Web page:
the King and Blessed One (“All Glory, Laud and Honor”).[3]

Instead, with vilifying voices Jesus is slandered in stereo, the guilty beside him, the belligerent below, in ensemble they deride the Divine. First, they twist and manipulate his words, saying, “You who would destroy the temple and rebuild it in three days, save yourself! If you are the Son of God, come down from the cross.” It is a false charge but safe to shout at the feet of the suffering. He will in fact come down from the cross, dead, a corpse to be buried, but as he said, on the third day his temple will be resurrected.

Accompanying the false charge, the chief priests, the scribes, and elders malign our Lord in the form of a conditional offer: “He saved others; he cannot save himself. He is the King of Israel; let him come down now from the cross, and we will believe in him. He trusts in God; let God deliver him now, if he desires him. For he said, ‘I am the Son of God.’” What they offer is nothing but an insult, but with their insult they unknowingly speak the truth. He is indeed the eternal Son of God. He does indeed trust God, who can indeed deliver him, but chooses instead to deliver the unworthy. He did indeed save others and could have saved himself, but as John Stott puts it, “He could not save himself and others simultaneously. He chose to sacrifice himself in order to save the world.”[4]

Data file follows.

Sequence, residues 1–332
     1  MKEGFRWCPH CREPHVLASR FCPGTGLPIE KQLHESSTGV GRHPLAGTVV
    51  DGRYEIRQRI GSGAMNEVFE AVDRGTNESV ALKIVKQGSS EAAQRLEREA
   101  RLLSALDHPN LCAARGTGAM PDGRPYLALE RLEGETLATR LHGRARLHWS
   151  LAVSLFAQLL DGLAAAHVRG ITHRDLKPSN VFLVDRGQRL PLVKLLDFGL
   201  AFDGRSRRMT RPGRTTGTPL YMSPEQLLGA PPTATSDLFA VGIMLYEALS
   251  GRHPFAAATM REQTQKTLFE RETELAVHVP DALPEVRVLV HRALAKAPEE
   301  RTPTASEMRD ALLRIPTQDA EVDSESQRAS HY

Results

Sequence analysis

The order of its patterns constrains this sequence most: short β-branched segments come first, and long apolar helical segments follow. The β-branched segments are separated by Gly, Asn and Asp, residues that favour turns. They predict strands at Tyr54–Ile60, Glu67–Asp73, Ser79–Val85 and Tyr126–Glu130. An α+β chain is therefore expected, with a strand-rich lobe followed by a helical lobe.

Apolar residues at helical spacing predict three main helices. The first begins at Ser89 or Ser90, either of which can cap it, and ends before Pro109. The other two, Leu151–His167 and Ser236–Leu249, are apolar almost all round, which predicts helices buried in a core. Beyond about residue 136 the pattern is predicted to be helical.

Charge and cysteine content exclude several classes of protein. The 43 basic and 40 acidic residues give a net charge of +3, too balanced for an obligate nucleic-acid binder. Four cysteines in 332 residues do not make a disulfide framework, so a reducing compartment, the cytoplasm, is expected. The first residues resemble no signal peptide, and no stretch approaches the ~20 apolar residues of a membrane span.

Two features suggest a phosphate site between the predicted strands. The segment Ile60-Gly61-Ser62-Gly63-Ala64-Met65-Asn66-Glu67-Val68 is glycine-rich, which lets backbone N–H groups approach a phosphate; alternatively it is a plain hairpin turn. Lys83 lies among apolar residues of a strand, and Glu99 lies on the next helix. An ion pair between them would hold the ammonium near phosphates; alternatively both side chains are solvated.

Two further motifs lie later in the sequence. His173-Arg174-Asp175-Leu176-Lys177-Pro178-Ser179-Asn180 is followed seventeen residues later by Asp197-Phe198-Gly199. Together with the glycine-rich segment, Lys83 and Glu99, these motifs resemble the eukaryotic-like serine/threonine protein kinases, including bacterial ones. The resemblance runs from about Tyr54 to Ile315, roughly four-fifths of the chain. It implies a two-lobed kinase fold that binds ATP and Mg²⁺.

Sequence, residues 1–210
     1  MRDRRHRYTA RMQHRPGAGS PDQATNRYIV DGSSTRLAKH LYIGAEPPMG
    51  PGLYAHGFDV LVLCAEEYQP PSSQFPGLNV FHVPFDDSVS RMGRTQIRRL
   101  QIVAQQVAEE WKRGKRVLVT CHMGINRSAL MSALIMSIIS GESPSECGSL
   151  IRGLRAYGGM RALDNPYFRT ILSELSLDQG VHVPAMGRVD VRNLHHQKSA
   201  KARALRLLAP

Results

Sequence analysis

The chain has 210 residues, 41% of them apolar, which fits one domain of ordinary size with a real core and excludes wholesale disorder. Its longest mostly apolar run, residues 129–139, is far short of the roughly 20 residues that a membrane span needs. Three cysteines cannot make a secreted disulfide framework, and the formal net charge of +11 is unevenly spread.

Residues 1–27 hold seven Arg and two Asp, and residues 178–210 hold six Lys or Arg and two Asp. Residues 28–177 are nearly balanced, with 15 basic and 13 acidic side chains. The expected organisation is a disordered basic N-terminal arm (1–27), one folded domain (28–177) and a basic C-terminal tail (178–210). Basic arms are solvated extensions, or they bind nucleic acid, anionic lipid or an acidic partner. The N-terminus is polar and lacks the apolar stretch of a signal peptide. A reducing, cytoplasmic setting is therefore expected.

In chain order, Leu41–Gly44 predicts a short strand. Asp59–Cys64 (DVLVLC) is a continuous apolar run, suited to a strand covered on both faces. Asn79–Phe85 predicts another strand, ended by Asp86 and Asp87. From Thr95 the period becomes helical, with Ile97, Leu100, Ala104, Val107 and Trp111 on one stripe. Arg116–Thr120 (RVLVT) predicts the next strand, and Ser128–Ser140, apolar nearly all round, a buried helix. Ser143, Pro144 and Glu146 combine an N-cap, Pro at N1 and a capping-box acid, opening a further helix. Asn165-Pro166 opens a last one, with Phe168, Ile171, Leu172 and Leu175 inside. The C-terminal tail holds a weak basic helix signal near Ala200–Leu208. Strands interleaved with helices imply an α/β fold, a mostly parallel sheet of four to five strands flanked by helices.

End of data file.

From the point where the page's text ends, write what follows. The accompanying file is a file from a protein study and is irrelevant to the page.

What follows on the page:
Perhaps referencing the sign that read, “This is Jesus, the King of the Jews,” after Jesus’s resurrection Peter preached to the Jews, saying, “this Jesus, delivered up according to the definite plan and foreknowledge of God, you crucified and killed by the hands of lawless men” (Acts 2:23). Confronting their sin, he testified to the resurrection and then stated this glorious truth: “Let all the house of Israel therefore know for certain that God has made him both Lord and Christ, this Jesus whom you crucified” (Acts 2:36). This Jesus! This Jesus,